When the Moon is Low
Four-and-a-half Bookmarks
William Morrow, 2015
382 pages

Family Fairy Tales   1 comment

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Often, stories within stories are enchanting, muddled, lopsided or boring. Fortunately, Winter Garden by Kristin Hannah is captivating without any confusion. One narrative is not more interesting than the other; both have equal appeal.

Much of what makes Hannah’s novel so successful is the clever way in which her characters evolve. Sisters Meredith and Nina are grown women who have always basked in the light of their father’s love. Meredith is the older sister, pragmatic and harried; Nina lives the adventurous life of a freelance photographer. Theirs is not a close a relationship. If not for Evan, their father, there would be little for anyone in the family to hold dear.

Unlike Evan, their mother is a cold, distant woman incapable of showing or articulating affection. This could be a black and white story, but Hannah has enough sense, and talent, to show the nuances. A secret past, painful memories and the harsh reality of war culminate in a fairy tale the sisters’ mother is ultimately compelled to tell. The story moves from the idyllic, contemporary life on the family’s apple orchard to cold, war-torn Russia. Like any good fairy tale, this one begins with a handsome prince, an evil overseer, and a young girl who falls in love.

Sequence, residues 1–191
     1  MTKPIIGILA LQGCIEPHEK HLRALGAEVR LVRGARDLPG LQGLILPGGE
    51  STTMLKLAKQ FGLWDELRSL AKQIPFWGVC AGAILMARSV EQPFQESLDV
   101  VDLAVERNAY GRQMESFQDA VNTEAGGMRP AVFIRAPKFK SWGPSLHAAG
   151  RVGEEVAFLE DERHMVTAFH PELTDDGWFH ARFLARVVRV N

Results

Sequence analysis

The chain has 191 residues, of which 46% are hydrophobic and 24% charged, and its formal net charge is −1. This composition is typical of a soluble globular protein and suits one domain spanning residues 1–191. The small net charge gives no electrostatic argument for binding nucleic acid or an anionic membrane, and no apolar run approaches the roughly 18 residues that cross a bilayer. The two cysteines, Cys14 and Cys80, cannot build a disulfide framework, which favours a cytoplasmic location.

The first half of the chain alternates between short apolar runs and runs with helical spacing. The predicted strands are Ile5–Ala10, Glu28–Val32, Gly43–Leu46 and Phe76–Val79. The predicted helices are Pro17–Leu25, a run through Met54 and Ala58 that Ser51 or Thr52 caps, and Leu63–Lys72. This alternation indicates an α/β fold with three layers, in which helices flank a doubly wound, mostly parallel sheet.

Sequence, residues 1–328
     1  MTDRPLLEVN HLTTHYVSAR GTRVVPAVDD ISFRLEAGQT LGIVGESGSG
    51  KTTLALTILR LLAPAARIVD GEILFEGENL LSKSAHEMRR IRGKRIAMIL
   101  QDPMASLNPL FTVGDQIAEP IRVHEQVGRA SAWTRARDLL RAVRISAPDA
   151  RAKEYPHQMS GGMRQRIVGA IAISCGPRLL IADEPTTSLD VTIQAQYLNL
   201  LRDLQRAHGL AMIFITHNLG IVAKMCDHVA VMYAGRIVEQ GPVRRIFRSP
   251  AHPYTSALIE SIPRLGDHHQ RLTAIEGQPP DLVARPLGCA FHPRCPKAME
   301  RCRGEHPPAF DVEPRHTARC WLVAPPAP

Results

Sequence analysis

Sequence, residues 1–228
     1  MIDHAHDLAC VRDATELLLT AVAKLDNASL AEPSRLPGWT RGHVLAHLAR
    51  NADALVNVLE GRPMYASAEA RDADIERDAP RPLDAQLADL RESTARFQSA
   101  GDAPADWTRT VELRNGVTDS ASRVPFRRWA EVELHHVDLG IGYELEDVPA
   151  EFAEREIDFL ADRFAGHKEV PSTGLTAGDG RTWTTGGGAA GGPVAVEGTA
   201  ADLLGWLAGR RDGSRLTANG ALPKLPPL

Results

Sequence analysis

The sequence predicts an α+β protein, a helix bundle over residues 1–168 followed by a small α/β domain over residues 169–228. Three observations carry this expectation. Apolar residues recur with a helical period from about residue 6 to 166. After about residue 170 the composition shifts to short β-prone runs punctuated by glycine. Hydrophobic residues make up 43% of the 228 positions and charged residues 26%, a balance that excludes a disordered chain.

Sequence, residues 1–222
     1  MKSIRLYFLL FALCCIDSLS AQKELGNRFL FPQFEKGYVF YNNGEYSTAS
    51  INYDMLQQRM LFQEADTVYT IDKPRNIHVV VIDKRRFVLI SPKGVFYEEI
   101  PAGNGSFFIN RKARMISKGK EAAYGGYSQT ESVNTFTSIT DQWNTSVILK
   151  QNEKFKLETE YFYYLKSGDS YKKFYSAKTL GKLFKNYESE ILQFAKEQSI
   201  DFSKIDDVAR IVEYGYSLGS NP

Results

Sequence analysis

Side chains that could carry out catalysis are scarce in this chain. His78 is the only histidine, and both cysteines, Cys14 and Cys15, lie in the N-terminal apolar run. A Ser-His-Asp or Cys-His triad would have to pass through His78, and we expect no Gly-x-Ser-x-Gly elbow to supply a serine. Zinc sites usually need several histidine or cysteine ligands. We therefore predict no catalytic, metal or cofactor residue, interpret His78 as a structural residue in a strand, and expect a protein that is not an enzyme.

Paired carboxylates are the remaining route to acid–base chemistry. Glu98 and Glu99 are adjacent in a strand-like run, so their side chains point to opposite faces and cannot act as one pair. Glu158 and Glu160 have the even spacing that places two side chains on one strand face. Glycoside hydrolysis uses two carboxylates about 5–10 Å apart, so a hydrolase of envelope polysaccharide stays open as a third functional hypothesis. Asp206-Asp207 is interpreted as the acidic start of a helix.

As the fairy tale evolves, it’s clear this the only way the mother can explain herself and for her daughters to recognize their own strengths, weaknesses and connections. There’s nothing jumbled in either side of Hannah’s engaging account.

Winter Garden
Four Bookmarks
St. Martin’s Griffin, 2010
391 pages

Two Mothers, One Daughter   1 comment


Shilpi Somaya Gowda’s first novel, Secret Daughter, is about families – especially mother-daughter relationships. Two women, one unable to have a child and the other unable to keep hers, are the primary focus – along with Asha, the daughter given up by one and adopted by the other.

Somer, a pediatrician in the San Francisco Bay area is married to Kris, a surgeon originally from Mumbai. Across the world in an Indian village, Kavita gives birth to a daughter she knows her husband does not want, and will not let her keep. Although the women never meet their lives are unwittingly bound when Kavita leaves her child at an orphanage. Through a series of coincidences that often only occur in fiction, the girl, Asha, is adopted by Somer and Kris.

Gowda’s narrative moves from the Bay Area to Mumbai, as it shifts from one woman’s perspective to the other, before, thankfully, settling on Asha. Somer‘s character is whiney and distant; Kavita is mostly sad and compliant. Despite environment and genetics working against her, Asha grows up to be an intelligent, inquisitive young woman. That’s not to say, she is flawless. At her worse, as a teenager, she is rude and insensitive; at her best, as a college student interning at a Mumbai newspaper, she is empathetic and appreciative. Of course, it takes time for the latter qualities to evolve.

Gowda’s writing is strongest describing the contrasts between India’s wealthy and the destitute. The colors, sights, and smells are vivid – even when the reader might prefer otherwise.

Secret Daughter
Three Bookmarks
William Morrow, 2010
339 pages